Quakertown council can now cut through the crap. Flush with updated - and factual - explanations on potential development in Richland, the towns can finally do their business on the sewer plant expansion.
Nothing stirs the potty of community discussion faster than land development. The spread of new homes, new stores, and new office buildings in Upper Bucks upsets those who mourn the loss of the "rural character" of our area, but is welcomed by the hundreds of new families who see this as the ideal place to live, work, and raise children. Just like we do.
It is now a fact of life that local municipalities can not legally stop growth. Courts routinely side with developers and landowners, overturning attempts at over-restrictive zoning, and upholding the right of citizens to make profitable use of their ground. Communities like Warrington, Plumstead, and Bedminster learned the hard way, with hundreds of thousands of taxpayer dollars down the toilet in legal fees unsuccessfully fighting developers.
The issue has been rather moot around here since 2005, when the Quakertown wastewater treatment plant reached capacity. The borough then gave it's own century-old leaking pipes an extreme makeover to keep unwanted rain and groundwater out of the system. And with that work now complete, there is again capacity available. But not enough.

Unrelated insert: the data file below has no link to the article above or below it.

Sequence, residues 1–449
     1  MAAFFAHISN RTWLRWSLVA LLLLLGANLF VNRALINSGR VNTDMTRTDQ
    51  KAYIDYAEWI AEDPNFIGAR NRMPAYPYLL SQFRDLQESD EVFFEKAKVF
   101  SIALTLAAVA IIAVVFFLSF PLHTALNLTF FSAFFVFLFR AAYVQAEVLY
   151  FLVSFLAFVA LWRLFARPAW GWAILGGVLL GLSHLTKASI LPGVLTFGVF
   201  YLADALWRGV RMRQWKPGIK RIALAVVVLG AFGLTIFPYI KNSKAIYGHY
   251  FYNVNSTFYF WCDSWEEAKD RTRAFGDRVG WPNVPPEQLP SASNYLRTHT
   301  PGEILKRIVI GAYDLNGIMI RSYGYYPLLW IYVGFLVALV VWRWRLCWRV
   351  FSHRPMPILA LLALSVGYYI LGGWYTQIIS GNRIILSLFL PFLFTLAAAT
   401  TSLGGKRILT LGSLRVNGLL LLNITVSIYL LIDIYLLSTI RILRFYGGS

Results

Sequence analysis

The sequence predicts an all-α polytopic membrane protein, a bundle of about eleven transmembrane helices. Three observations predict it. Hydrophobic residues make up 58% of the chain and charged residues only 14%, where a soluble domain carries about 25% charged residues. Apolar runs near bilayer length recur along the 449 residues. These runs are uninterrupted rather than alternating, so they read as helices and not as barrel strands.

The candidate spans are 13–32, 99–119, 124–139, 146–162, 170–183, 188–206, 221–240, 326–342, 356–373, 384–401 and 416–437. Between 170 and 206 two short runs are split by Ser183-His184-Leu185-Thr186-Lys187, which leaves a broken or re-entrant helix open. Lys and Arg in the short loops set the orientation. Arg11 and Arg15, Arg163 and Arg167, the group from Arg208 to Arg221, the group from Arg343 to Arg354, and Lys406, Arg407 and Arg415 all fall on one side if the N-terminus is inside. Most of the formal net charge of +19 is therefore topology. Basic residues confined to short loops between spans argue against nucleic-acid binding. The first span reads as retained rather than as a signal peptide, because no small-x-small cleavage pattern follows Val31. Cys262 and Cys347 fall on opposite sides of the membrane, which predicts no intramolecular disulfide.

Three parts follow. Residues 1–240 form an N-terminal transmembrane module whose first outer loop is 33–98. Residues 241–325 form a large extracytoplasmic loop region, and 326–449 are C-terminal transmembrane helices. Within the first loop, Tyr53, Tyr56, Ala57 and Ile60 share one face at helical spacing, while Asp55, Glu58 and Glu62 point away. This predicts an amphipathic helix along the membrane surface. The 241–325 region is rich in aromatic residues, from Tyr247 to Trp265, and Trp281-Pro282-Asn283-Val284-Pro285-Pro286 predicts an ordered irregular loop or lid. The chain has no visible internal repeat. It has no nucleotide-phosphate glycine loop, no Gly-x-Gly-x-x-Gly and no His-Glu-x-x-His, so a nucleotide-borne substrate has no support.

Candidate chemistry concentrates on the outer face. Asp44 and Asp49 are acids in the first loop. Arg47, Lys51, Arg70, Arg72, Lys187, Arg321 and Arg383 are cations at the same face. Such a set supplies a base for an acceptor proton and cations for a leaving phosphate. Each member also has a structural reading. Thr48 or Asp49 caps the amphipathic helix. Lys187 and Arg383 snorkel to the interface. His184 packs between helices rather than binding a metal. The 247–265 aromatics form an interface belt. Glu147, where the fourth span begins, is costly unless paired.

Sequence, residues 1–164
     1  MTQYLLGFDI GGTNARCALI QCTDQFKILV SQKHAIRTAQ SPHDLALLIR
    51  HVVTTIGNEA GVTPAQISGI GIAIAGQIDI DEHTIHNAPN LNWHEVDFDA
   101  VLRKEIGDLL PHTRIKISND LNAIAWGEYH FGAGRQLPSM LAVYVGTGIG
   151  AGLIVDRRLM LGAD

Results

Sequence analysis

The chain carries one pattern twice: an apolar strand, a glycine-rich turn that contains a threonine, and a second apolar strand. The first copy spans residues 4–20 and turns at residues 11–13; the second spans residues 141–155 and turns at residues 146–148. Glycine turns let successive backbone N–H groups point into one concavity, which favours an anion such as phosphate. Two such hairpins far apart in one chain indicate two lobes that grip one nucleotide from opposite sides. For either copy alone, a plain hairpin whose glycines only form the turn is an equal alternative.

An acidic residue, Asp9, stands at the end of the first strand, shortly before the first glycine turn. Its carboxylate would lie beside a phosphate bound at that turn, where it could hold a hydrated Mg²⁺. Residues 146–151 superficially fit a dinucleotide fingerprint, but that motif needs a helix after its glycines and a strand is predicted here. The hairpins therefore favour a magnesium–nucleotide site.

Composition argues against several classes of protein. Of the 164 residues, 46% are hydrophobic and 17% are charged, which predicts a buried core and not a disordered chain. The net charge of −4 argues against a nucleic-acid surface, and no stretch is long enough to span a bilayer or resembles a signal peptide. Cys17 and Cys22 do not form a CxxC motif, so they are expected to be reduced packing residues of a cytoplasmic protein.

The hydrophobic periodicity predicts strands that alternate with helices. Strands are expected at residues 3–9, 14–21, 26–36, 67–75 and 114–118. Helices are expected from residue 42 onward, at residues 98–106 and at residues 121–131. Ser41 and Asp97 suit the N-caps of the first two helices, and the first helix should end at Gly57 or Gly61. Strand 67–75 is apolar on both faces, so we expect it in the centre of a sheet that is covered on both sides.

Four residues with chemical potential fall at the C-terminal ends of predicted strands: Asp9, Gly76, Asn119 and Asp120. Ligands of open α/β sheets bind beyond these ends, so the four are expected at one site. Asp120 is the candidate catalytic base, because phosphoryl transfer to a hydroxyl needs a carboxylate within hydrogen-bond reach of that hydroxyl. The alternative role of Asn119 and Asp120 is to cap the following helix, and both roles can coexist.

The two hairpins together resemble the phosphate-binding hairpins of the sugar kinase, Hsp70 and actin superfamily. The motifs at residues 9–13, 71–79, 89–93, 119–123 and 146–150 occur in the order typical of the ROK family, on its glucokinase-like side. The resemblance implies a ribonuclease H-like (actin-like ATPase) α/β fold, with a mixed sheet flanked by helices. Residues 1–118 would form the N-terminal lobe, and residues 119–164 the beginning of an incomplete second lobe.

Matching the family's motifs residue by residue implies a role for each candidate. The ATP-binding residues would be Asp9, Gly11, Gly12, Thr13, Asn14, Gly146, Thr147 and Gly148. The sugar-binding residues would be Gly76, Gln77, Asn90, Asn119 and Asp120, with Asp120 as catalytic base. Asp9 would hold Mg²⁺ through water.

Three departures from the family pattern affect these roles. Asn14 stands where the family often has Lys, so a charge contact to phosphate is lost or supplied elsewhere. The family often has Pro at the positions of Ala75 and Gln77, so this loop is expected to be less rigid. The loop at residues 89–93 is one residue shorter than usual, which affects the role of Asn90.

Projected growth in neighboring Richland - which has been misunderstood and misstated by some - will still require a 25 percent expansion of the Qtown plant. And the borough has little choice. They are legally bound to provide 45 percent of the capacity to the Bucks County Water and Sewer Authority. And if the plant can't meet the area's needs, or if council balks at an expansion, BCWSA says that it will build another one in Richland, which means that Qtown will lose more than $600,000 per year - money that now is used to keep down residents' taxes.
Initially, some council members seemed to be suffering from the same shortsightedness that for many years prevented the borough from cooperating with Richland, and other communities, on virtually everything. They decried new homes - while at the same time lamenting the lack of shoppers, and vacant stores, in downtown Qtown. But that opposition may have been due to a misunderstanding about the scale of the anticipated Richland growth. The engineer hired by council reported that "projections amount to 250 to 300 units per year over a 20 year period." Enough to horrify anyone - including Richland's supervisors, who had no idea where those numbers came from.
Keep in mind that this growth is not what Richland is hoping for - it is simply what the Delaware Valley Planning Commission deduces from census data. But the projection is based solely on a formula, and does not take into account many existing conditions: most of the available ground will not have public sewer, is very wet, rocky and has steep escarpments, is already preserved by the township or county, or is state gamelands. In addition, it turns out that the QT engineer didn't take into consideration that much of the new growth would be commercial and industrial buildings, and some capacity would be for homes already approved.